Canadian wheat not in decline: officials

The Western Producer recently published comments from an international grain broker that led the paper to ask the question, “is Canadian wheat in decline?

We are pleased to answer that question with an unequivocal “no.” In fact, it is quite the reverse.

The wide-ranging comments brought up questions on logistics, grain grading and return to Canadian farmers. We would like to deal with those issues in turn.

There is no question that the transportation and logistics failures in 2013-14 hurt Canada’s reputation as a reliable supplier of consistent high quality wheat.

Customers and governments have been reassured by the actions taken to clear the backlog and fill contracts, but it is clear that we cannot afford to see another year like 2013-14. On this front we would agree with the buyer.

The grain broker also expressed concern regarding changes made to the Canadian Grain Commission’s vessel certification process.

Before last year, the commission required every 2,000 tonnes of grain going into a vessel to meet precise specifications. This is commonly referred to as “incremental certification.” If one 2,000 tonne interval is out of specification, the grain must either be removed or certified to a lower grade.

This approach to certification does ensure uniform loading of the entire vessel, but it is also time consuming and expensive.

Starting last year, the grain commission offered the Canadian industry and customers a more efficient and less costly option: composite certification. Under this option, individual increments can deviate slightly from specifications as long as the composite sample for the whole vessel meets the requirements.

There is an absolutely critical word in the above paragraph: option. Incremental certification is still available if customers wish to continue using it.

This is one of the key information pieces that the new Team Canada delivered when visiting 20 countries as part of the new crop missions this past fall.

Team Canada is a collaboration between Cereals Canada, the Canadian International Grains Institute, the grain commission, provincial crop commissions, Canadian exporters and farmers.

It provides customers around the world with a comprehensive value-chain overview of how Canadian wheat will perform and the changes to the Canadian system that will ensure that customers in every region of the world get exactly what they want when they want it.

However, delivering what the customer orders does not mean selling our premium quality wheat at a discount.

The broker interviewed by the Western Producer stated that in the past he would consistently get better than what he ordered. He would pay for a No. 2 and receive No. 1. It is not a bad thing if this is not happening anymore.

It is not in Canadian farmers’ interest for us to be the discount outlet for premium wheat. As an industry, we must strive to gain the maximum value for everything that Canadian farmers grow. Gaining maximum value means delivering the quality that customers demand and pay for.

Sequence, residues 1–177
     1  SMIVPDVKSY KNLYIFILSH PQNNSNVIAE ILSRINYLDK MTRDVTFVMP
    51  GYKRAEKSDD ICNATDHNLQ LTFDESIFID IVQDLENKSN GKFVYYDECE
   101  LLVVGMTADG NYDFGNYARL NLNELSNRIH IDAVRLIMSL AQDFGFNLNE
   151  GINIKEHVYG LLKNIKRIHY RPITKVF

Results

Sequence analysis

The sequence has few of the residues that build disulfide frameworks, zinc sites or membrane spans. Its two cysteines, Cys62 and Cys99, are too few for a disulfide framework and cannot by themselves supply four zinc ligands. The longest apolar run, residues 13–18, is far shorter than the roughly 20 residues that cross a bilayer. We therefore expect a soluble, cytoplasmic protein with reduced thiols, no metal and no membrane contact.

The Canadian grain industry has rapidly evolved over the past years. We believe that these changes benefit all parts of the value chain and are helping us meet the needs of tomorrow’s customers rather than the markets of the past.

The comments reported by The Western Producer do demonstrate the need to have open lines of communications with customers in all parts of the world.

This is why the Team Canada approach was launched.

We will continue to reach out to develop new markets and support existing markets when they choose to buy Canadian quality. The Maple Leaf will continue to be the symbol for premium quality in every region of the world.

JoAnn Buth is chief executive officer of the Canadian International Grains Institute, Cam Dahl is president of Cereals Canada, Gary Stanford is president of Grain Growers of Canada and Wade Sobkowich is executive director of the Western Grain Elevator Association.

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Comments

  • ed

    As it sits now, the companies can buy farmers #1 CRSW as a #2 CRSW, get away with that, but also purchase it at $1 to $2 / bushel less than the feed price was when there was a superior marketing system in place, and all that theft in a strong and rising world price market. Farmers are not going to believe any of the stuff that Cam, JoAnn, Gary and Wade are putting forward here. They would be better at writing fiction novels or doing stand up comedy routines.

  • Erikxyz

    This opinion piece is from some imaginary Fantasyland where black is white and yes is no. Harper, Ritz and this group also want you to believe that farmers are better off today now that they are losing BILLIONS of dollars every year over Wheat Board returns than they ever were.

  • Grain Be Free

    It sounds like there is confusion over what composite loading is all about.
    “Under this option, individual increments can deviate slightly from specifications as long as the composite sample for the whole vessel meets the requirements.”
    Maybe the definition of “slightly” needs work or needs to be explained to the buyers?
    More research is needed either way to gather feedback from buyers to determine their expectations, satisfaction to this point and if previous buyers aren’t buying, why they no longer buy Canadian.
    All this talk about gaining maximum value for Canadian farmers is empty if end customers are disappointed with the product and the farmer isn’t getting fair value for higher grades to begin with….

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